Kelsey Blackstone – Alice

We were bowled over when we first heard Kelsey Blackstone. We were introduced to her by way of her previous single, Lay You Down. She’s back with a new release – Alice – and we’ve thoroughly enjoyed having Kelsey in our ears again here at the Send Me Your Ears studio.

Alice is a song about finding your way back home. Starting on some gorgeous acoustic guitar stabs with a great rhythm and nature sounds in the background to set the mood, Alice is a warm and heartfelt performance.

Plenty of instrumentation fills the song out and we love the almost Cuban style rhythm that creeps in as the song develops. After each chorus, there’s a great little section of super groovy piano and gorgeous latin American percussion. We particularly like the off ride work in these sections. This is yet another winner for us from this sublimely talented Boston singer-songwriter and multi-instrumentalist. The incidental percussion really does make this track thoroughly exciting.

A brief, Santana feeling guitar solo towards the end leads into a breakdown with gentle acoustic guitar, organs and just a hint of slide guitar.

Once again though, despite some superb musicianship, it is the vocals that steal the show for us in Blackstone’s music. Alice is more of a groovy track than the slow and heartfelt Lay You Down but the quality shining through is still very evident.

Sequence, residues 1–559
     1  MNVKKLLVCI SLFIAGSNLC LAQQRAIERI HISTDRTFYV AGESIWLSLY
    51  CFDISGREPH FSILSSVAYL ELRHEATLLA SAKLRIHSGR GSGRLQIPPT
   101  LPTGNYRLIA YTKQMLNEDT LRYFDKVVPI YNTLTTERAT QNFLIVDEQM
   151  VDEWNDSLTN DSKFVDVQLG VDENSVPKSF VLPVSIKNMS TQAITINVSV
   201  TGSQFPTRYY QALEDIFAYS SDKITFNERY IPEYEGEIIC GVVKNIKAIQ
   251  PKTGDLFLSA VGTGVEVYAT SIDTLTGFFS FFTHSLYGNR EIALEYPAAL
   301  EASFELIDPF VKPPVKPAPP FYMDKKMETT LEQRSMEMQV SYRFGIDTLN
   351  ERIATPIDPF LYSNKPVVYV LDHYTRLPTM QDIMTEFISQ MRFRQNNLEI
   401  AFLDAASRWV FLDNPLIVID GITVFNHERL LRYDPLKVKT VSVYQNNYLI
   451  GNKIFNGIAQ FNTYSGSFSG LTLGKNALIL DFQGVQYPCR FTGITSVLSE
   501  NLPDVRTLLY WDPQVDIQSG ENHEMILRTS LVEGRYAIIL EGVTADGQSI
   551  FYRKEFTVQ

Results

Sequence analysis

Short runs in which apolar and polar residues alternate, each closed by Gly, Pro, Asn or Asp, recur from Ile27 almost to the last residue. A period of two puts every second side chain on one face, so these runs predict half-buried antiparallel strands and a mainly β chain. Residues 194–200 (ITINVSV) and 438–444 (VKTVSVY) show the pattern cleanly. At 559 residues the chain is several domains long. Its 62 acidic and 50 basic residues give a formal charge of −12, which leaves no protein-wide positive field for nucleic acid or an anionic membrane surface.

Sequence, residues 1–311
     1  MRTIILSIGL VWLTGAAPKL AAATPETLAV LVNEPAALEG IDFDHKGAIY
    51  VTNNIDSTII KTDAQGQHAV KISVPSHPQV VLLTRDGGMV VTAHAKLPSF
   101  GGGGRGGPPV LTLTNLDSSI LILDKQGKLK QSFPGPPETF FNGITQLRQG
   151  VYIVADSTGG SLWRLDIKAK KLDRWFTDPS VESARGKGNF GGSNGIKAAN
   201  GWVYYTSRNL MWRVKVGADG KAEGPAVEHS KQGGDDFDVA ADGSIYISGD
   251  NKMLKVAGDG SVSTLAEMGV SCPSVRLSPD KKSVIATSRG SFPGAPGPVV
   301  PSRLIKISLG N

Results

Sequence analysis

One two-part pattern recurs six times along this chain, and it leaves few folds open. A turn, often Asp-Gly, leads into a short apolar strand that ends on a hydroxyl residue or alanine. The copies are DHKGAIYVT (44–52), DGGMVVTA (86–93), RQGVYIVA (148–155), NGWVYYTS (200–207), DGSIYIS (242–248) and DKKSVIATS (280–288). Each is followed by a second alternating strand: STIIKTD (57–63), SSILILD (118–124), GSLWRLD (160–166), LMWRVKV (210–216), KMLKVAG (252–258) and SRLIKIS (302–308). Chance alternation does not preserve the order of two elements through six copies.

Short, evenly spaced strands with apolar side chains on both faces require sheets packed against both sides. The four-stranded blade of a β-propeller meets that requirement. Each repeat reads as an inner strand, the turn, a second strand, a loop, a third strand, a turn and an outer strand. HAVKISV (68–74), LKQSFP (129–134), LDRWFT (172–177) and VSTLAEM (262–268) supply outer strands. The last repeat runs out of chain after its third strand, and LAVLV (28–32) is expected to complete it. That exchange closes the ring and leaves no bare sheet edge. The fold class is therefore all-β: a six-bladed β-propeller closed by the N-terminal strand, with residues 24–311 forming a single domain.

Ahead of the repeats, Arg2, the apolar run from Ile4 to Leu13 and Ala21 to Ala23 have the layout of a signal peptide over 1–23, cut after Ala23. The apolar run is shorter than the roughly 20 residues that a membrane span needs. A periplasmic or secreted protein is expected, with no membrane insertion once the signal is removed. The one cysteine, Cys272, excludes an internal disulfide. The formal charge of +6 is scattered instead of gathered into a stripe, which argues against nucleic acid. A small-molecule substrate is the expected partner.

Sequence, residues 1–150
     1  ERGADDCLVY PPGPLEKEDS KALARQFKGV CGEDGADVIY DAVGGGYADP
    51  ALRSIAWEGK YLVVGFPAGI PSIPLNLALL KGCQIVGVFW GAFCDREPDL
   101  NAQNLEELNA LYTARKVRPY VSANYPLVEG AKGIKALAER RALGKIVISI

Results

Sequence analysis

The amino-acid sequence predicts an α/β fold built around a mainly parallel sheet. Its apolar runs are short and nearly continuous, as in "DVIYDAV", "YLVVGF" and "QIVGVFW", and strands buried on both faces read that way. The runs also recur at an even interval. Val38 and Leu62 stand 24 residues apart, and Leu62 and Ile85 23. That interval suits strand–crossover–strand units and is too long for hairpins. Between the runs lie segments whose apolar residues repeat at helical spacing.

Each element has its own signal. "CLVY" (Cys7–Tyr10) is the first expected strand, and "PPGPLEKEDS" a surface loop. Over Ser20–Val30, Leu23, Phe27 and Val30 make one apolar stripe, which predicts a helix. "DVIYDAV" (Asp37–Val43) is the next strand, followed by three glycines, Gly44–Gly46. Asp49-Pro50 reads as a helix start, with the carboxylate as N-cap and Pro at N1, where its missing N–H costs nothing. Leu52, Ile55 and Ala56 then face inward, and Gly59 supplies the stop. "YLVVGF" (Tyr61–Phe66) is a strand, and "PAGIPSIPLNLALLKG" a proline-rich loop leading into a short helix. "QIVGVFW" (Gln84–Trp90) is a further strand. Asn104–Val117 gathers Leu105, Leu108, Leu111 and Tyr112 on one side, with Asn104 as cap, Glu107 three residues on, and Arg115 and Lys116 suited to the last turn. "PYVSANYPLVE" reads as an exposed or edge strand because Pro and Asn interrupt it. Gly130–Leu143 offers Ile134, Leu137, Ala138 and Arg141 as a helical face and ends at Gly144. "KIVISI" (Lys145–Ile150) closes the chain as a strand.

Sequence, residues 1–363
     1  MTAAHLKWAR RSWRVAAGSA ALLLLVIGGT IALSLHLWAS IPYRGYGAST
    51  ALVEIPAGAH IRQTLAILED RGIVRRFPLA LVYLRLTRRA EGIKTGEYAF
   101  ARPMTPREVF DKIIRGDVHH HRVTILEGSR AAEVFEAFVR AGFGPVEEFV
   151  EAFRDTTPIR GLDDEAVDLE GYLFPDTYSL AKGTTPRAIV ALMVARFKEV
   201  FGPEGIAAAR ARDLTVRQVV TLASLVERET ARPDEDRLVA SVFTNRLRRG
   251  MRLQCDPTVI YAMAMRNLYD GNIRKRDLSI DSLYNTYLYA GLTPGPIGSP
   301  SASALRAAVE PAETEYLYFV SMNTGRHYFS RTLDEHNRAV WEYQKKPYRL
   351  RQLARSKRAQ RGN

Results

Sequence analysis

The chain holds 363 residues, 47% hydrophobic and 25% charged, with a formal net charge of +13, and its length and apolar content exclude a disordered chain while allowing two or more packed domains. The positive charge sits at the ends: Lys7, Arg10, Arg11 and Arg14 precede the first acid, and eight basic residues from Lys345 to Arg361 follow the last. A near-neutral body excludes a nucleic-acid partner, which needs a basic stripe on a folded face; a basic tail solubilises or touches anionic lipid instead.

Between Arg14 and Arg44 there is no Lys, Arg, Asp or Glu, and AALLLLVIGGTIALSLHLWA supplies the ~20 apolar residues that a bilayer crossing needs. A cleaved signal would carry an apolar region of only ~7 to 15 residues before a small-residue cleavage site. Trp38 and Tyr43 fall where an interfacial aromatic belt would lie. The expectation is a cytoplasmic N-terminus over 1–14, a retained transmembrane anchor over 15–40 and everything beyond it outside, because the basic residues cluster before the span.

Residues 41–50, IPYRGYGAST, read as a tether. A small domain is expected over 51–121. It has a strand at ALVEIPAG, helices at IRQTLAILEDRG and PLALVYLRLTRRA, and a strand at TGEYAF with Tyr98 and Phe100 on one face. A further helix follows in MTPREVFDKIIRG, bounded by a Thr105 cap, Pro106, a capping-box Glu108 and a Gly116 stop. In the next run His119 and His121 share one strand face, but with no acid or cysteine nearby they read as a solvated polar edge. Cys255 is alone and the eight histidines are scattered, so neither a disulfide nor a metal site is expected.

There’s a slightly improvised feel to the vocals in Alice. Vocal gymnastic moments reminiscent of Mariah Carey fill the choruses whilst the verses have a groovy Nelly Furtado feel. As with her previous track, we were reminded again of the effortlessness in the vocals that Eva Cassidy displayed. There’s a real Gwen Stefani moment at 2m35s and Edie Brickell qualities are present throughout the song. With very little need for processing on her vocals, Kelsey Blackstone really does have something rather special.

The bass work is superb here too. A real acid jazz feel. We’d suggest a shelf boost of the first 3 octaves to add some extra warmth and to accentuate the bass playing a little more. A tiny cut around 700 and a tiny boost around 3kHz for a little extra edge. We’d also suggest trying to push an extra 2 or 3 decibels against the limiter for some extra thickness and possibly just a touch more stereo – even just messing with the settings on a generic stereo plugin should make a difference here.

We really are astounded by Kelsey Blackstone. Effortless vocals and sublime musicianship, she is fast becoming one of our favourites. We hope to hear much more from this talented goosebump-inducing artist.

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